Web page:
Street-level producers, engineers and musicians are buzzed aboutthe next wave of production techniques, and a lot of them are wonderingwhere big recording studios fit in. In New York City's flagshipstudios, owners are constantly asking the same question, and the highcost of square feet demands that they answer it quickly — monthafter month, year after year.
With everything from well-equipped personal studios tomake-music-yourself software such as Apple's GarageBand impinging onwhat used to be their exclusive turf, you'd think large facilities likeAvatar (www.avatarstudios.net), Right Track (www.righttrackrecording.com) and Sound on Sound (www.soundonsoundstudios.com) would be gettingcreative with ways to compete — and you'd be right. “Thereality is that our studios, as well as other studios, are a part ofthe industry that's going through some changes right now,” saysKirk Imamura, president of Avatar Studios. “The labels arerestructuring and budgets are being sized to what should bereality.
“I think there is room for innovation: If you're trying tomake better use of your time and resources for a given budget, there'sprobably things that you could do. They can be as small as trying towork a console in an ergonomic fashion, because time is money andyou're trying to cut things down to be able to do them quickly. Andmaybe some things are preparation for a session: You don't come indisorganized; you come in prepared. It's not just a technical issue;it's organization and it's ergonomics.”
Although excellent acoustical spaces and the ability to properlyfacilitate advanced techniques like DSD and 5.1 surround recording area premium draw for large studios, such services are still out ofbudgetary bounds for many of their clients. The solution at Right Trackis to make their considerable expertise available in the form of twonew production rooms — P1 and P2 — at their 38th Streetlocation. Equipped with niceties such as Blue Sky 5.1 monitoring,Yamaha DM2000 digital consoles, Digidesign Pro Tools and Tube-Tech EQs,the rooms offer a more affordable option (under $1,000 a day) toserious producers who need to mix and add overdubs in a high-qualityenvironment. “They're important for a place like Right Trackbecause they keep our client base close to us and provide a morefull-service facility than when we just had high-end rooms,”explains Barry Bongiovi, general manager of Right Track. “So far,a very broad spectrum of our client base has used these rooms: MariahCarey, Pat Metheny, David Bowie. They're not just for lower-budgetprojects — they're for a segment of projects that fitscomfortably in a room like this.”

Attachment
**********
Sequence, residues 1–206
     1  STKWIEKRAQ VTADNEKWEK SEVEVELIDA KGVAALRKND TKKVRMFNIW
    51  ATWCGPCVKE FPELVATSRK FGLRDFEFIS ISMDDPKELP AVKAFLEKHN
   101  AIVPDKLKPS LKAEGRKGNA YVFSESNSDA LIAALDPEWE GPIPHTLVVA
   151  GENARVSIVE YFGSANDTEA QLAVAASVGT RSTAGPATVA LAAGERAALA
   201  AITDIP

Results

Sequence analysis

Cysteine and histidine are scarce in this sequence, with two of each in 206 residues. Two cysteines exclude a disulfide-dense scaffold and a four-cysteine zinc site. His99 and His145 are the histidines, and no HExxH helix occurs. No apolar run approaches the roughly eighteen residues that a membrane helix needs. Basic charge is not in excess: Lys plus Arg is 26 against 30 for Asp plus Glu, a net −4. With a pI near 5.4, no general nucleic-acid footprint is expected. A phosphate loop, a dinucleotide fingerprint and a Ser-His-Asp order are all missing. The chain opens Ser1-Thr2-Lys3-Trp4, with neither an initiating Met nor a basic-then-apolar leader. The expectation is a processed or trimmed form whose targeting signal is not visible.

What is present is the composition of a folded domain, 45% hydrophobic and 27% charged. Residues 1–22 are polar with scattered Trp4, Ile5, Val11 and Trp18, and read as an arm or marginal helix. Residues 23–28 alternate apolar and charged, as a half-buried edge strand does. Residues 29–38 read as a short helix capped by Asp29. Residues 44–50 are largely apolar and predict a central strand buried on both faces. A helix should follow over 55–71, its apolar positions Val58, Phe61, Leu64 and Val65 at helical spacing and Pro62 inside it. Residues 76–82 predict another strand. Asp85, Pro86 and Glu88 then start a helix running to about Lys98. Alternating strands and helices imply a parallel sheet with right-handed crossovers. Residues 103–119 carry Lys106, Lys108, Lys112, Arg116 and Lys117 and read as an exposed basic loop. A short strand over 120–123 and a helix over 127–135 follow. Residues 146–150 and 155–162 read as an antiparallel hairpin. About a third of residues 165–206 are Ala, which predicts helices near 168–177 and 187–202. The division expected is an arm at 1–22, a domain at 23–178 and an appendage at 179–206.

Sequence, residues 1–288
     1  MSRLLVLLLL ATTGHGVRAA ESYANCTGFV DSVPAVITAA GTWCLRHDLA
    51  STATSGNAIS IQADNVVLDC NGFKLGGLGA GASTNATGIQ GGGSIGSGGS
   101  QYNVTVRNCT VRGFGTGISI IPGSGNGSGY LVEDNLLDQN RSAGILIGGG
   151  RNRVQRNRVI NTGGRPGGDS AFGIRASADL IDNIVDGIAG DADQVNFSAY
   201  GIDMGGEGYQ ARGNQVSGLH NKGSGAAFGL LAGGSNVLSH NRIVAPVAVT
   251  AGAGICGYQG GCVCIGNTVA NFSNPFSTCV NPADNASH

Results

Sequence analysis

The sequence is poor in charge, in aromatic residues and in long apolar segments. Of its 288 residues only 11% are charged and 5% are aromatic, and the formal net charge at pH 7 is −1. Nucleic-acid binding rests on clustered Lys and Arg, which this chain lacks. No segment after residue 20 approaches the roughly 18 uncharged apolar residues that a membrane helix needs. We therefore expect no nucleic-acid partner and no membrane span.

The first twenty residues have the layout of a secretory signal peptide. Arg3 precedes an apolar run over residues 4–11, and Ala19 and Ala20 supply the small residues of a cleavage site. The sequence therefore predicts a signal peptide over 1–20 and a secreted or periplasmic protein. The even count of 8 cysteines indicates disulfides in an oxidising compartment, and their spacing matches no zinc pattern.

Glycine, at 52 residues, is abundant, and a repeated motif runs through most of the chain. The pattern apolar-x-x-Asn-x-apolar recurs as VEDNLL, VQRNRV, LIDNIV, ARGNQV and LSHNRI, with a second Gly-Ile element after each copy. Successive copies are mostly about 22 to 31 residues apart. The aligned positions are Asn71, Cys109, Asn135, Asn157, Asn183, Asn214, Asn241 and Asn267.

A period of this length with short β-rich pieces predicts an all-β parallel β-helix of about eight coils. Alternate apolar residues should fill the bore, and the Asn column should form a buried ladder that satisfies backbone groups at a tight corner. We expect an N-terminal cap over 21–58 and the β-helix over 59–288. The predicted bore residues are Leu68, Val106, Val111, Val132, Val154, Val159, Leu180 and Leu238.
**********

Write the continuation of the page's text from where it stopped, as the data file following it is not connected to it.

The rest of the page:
At Sound on Sound, its fully dedicated Pro Tools|HD3 Studio D hasbeen addressing a similar audience for several months, and is also partof one of the studio's latest business model concepts. “We'veforged bonds with producers that we're trying to get off the ground,and it's like the old-fashioned spec deal from the jingle world,”says Dave Amlen, president of the studio. “We're going to givehalf-a-dozen people these tracks to demo, and the one that we like thebest gets the gig. So we're basically forming a production companymodel with these known quantities so they don't reach into theirpockets and they don't get compensated unless they get the gig. If wehave a paying gig in those rooms, naturally that supersedes any of thatkind of work.”
In Amlen's opinion, DAW-based production is going to cast a largerand larger shadow over the huge desks that most major studio controlrooms are built around. “I think the large-frame consoles willstill be there in the future, but they'll be the ones we have now— Neves or SSL 9000 Js in various phases of rebuild. So you'relooking at a lot of technology that peaked in the mid- to late '90s.You might find third-party developers coming out and turbo-charging theones out there now. Instead of buying an SSL K Series, someone will buya J and a box that allows them to do auto-panning the way theywant.”